February 3, 2018 at 3:00 pm #149565
Today, my morning run along the fiord to the job you promised me had ‘nothing dangerous’ about it, was interrupted. A half-kilo out, I saw my car was torn in half. Rooting through the wreckage was a troll. He had a height of eight feet, shoulder span of about five, nose width about two. He saw me and gave chase till he realized sunrise was imminent.
He ran back to the shack, attempting to get under it, but smashed through it completely, along with the entire inventory, save a single beach umbrella and five packs of salted nuts. I would have took a picture with my cellphone, but I have no space left. My family photos are much more important as they have passed on.
He was looking for cold medicine, as one of his victims had had a cold. He sneezed out a booger as big as my head, which turned to feldspar. In doing so, he nearly dropped the umbrella that was keeping his upper third safe, save most of an ear and his left arm. I demanded payment for your business and my car. He refused, explaining he wouldn’t buy anything broken. I realized his home was probably under the old bridge another hundred meters past my parking place. I told him he could give me all his gold or give me the umbrella back. He agreed and told me how to enter his lair. After I had a look at the other items in his possession and took a partial deposit, I demanded all his stored possessions in exchange for not phoning the quarry before sunset. I demonstrated by calling the realty company for the value of the building just destroyed and the approximate value of a gravel-covered lot in its place. He agreed, though angrily. I called a cab. I went to town. I hired an armored truck, began your insurance claim, requested a tax reassessment and a large dumpster, and personally visited a rental car agency, a department store, a bank, and the quarry.
I made him agree not to come after me or send anyone or anything after me in exchange for four tubes of sunblock, which I applied with a long-handled mop. He ate the mop, the umbrella, and the nuts afterwards in exchange for loading the dumpster with all the debris he didn’t wish to eat with his then-free arm. With the armored truck and the dumpster full, I drove off as the quarry workers arrived, ready to hose off some sunblock and harvest some stone. I had several more stops to make with my rental, including the bank, the police, and the post to send you this notice.
You will see I am not heartless, as I opened a business account in your name for the retail amount of the inventory I could verify, the till amount minus my coming net pay, and a sizeable deposit for a new business location. The police now have several missing persons’ belongings and a story they don’t believe. Your cousin? The one with the cold? They verified for me he was working the shack when he disappeared. They’ll ask you some questions, no doubt. Since I didn’t move to this frozen wasteland till after he was eaten, they didn’t do more than check my passport history and listen to me claim I ‘found’ their stuff under a bridge.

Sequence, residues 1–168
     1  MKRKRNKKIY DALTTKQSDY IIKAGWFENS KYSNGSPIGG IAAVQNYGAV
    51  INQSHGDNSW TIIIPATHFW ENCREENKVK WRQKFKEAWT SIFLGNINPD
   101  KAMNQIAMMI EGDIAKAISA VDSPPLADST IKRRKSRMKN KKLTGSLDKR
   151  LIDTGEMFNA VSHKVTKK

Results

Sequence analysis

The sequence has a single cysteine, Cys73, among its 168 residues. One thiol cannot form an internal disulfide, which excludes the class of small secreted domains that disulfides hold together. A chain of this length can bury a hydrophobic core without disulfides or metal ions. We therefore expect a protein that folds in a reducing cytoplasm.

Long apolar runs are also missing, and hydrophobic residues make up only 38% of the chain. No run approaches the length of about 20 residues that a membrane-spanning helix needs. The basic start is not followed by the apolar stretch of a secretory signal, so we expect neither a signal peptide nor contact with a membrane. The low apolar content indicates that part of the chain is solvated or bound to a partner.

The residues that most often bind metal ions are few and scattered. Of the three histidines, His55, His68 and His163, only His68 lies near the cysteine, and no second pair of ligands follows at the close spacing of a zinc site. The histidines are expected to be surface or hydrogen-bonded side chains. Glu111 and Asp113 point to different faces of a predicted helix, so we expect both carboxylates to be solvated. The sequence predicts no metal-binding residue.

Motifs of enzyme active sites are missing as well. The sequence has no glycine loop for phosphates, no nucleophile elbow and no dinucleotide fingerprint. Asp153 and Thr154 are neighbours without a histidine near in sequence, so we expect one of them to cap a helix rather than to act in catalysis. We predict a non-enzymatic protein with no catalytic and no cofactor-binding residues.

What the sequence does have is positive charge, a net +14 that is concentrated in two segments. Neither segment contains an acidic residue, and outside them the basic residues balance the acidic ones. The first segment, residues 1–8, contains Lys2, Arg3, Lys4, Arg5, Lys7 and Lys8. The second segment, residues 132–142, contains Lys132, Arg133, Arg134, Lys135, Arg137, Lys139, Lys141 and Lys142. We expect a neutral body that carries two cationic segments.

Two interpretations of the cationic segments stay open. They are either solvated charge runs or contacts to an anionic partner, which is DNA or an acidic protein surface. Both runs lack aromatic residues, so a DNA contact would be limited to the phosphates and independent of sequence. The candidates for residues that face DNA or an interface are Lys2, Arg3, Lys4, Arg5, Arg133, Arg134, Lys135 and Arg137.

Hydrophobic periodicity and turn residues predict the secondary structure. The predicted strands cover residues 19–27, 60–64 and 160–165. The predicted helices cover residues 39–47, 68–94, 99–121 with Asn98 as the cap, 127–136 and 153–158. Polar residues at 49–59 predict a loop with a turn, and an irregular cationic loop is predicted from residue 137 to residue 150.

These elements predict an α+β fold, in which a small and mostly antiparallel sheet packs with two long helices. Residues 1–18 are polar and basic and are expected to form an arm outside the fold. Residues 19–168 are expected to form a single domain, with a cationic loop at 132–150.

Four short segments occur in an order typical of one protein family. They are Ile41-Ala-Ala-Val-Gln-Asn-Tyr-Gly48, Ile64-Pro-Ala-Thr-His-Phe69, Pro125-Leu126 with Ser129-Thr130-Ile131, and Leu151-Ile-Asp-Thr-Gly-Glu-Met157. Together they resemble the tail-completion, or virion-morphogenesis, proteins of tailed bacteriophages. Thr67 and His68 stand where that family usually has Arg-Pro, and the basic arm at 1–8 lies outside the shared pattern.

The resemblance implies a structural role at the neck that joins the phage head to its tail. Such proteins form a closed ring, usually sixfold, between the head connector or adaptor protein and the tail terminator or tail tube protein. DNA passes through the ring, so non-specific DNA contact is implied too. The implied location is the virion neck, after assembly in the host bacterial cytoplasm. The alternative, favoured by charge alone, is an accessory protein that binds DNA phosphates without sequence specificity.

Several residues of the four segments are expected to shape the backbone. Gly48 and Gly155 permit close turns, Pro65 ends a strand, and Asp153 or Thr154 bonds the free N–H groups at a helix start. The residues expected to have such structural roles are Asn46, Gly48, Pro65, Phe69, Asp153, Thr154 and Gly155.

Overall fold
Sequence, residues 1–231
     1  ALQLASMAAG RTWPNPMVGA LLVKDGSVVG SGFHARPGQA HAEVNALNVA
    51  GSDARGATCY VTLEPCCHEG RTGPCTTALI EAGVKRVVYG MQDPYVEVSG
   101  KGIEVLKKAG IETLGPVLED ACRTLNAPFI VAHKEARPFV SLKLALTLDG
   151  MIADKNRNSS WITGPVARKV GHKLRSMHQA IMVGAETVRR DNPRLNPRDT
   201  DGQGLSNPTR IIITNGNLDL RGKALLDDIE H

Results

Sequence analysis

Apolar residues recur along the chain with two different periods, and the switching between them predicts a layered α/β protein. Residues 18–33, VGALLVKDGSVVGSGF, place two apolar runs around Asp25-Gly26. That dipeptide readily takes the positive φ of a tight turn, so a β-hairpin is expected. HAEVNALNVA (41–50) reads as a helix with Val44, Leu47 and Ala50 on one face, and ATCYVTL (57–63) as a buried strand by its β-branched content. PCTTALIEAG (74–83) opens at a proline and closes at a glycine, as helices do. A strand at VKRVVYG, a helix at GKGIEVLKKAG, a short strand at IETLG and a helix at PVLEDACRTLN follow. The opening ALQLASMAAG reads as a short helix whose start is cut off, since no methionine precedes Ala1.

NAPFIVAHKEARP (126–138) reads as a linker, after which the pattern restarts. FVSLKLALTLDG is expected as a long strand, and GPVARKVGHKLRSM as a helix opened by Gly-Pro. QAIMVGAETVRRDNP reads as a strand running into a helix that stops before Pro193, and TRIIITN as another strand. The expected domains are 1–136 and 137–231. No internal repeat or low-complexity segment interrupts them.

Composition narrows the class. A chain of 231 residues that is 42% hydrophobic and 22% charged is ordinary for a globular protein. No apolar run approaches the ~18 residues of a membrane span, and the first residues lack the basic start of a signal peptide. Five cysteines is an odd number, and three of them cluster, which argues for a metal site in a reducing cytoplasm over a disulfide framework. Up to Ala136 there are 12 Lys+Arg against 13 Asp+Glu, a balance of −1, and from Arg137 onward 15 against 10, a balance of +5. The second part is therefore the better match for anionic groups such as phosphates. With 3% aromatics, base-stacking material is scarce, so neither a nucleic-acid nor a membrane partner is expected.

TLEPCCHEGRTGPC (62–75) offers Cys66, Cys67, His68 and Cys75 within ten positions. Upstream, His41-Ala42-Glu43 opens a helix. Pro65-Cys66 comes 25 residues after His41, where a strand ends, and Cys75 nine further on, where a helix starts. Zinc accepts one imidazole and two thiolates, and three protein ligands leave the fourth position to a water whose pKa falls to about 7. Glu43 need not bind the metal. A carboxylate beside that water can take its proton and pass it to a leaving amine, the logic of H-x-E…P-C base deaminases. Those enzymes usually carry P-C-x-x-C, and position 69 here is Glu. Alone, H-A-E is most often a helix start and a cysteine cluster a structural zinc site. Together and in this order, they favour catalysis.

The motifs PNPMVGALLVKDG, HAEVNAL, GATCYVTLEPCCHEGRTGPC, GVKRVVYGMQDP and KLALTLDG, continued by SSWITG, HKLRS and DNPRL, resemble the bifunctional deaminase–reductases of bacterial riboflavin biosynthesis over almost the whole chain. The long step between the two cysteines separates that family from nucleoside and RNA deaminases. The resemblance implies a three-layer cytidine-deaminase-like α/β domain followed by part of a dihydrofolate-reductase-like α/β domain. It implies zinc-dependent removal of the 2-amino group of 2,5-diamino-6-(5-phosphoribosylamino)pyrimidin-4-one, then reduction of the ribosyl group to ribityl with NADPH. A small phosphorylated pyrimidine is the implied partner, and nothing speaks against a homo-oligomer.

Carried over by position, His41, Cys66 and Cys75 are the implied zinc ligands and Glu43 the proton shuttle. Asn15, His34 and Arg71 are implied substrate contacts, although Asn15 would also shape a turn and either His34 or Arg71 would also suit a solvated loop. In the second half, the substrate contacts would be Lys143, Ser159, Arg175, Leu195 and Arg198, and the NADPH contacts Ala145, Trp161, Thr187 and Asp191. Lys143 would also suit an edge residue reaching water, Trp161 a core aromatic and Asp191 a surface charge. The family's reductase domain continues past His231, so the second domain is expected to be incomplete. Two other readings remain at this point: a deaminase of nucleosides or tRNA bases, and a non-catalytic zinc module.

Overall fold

Don’t try to find me. He told me how to call trolls to eat my enemies. I’m retiring somewhere sunny with very few bridges.
Harry BrownFebruary 10, 2018 at 7:59 pm #149641
My master and I were sailing his fishing boat further out when came upon an inky-black part of the sea. He had been teaching me the second lesson in judo recently, and so we went ashore to practice on a rust-brown sandy beach.
The thing that attacked us he called an ‘ork’ later. He swung a spiked ball on a chain riveted and plated to where his left hand should have been and had an odd scimitar in his right hand.
He hit the stump of a tree as I dodged. My master pushed a dagger into the chain and twisted. As the chain broke, the ork swung his blade. My master dodged, and the blade cleaved the old stump, but lodged there. My master put a thumb-lock on the ork, and it TORE LOOSE OF ITS OWN THUMB. In spinning to attack my master again, it caught its right foot under its own blade and tore it off. Roaring, it limped after us down the beach. We reached the boat without issue. I asked my master whether we should kill it out of mercy.
My master pointed at it wedging a boulder loose from the muddy shore, and asked, “Mercy for it or for its next foe?”
It heaved that boulder over fifteen man-lengths in our direction. It landed a mere hand-span from our boat and nearly capsized us. We sailed on.February 17, 2018 at 6:09 pm #149727
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